Back when undernutrition and vitamin deficiencies were widespread, supplements made some sense. But now one of the more urgent health problems is obesity and overnutrition while a growing body of studies shows that supplements’ effects are minimal or negative.
Remember that you can’t know for sure what's really in your supplement bottle. And that the pills probably won't make you any healthier (unless you have a medically diagnosed deficiency). And they might even be hurting you.
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Studies demonstrate that multivitamins don't improve outcomes on a number of health measures, from staving off cognitive decline to preventing cardiovascular disease and cancer. The health benefits of probiotics are wildly exaggerated, and taking antioxidants like beta carotene and vitamin E might even kill you faster.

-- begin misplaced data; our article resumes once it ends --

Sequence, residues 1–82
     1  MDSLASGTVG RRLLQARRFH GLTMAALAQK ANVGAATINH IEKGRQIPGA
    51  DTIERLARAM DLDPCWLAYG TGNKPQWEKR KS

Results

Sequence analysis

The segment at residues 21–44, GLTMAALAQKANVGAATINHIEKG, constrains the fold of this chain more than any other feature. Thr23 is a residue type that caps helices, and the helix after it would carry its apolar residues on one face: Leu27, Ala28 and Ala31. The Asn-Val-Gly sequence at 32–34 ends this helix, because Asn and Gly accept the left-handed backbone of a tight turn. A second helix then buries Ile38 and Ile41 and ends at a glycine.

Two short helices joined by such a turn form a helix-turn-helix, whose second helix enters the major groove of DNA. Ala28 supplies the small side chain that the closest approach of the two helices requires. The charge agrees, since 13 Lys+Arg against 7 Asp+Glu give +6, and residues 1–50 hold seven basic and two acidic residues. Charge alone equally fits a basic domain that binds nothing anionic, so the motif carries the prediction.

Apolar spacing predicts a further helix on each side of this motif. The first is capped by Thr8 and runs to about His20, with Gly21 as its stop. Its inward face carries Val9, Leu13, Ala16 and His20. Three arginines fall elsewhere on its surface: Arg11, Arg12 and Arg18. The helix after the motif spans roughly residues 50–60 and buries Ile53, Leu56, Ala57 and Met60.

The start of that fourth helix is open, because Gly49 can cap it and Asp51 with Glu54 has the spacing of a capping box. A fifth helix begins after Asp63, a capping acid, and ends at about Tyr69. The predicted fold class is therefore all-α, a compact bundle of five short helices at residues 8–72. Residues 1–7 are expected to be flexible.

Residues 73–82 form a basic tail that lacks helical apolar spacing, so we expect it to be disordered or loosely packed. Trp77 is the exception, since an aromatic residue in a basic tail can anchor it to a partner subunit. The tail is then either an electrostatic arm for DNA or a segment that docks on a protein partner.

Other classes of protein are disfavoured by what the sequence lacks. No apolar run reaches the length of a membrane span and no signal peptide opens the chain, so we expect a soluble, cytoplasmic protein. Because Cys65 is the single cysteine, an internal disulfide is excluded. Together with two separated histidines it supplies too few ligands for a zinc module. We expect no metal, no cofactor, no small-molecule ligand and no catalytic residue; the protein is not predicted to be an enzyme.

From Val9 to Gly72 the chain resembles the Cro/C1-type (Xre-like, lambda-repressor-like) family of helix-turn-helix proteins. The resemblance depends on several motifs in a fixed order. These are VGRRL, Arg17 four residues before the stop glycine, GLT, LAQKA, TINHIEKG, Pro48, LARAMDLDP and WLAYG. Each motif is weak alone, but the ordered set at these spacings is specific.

And thanks to lax regulation supplement makers don't need to prove their products' content, effectiveness or safety before commercializing it.
In the US, supplements are regulated like food — and not drugs — under the Dietary Supplement Health and Education Act of 1994, pill makers can basically put whatever claims they want on their bottles.
One analysis of supplement websites found 81 percent made at least one health claim — and more than half of those promised to treat, prevent, diagnose, or cure specific diseases. But a quick thought exercise will tell you that if these pills were truly panaceas, the FDA would have to treat them like drugs, not foods.
The safety, efficacy, and contents of supplements cannot be trusted.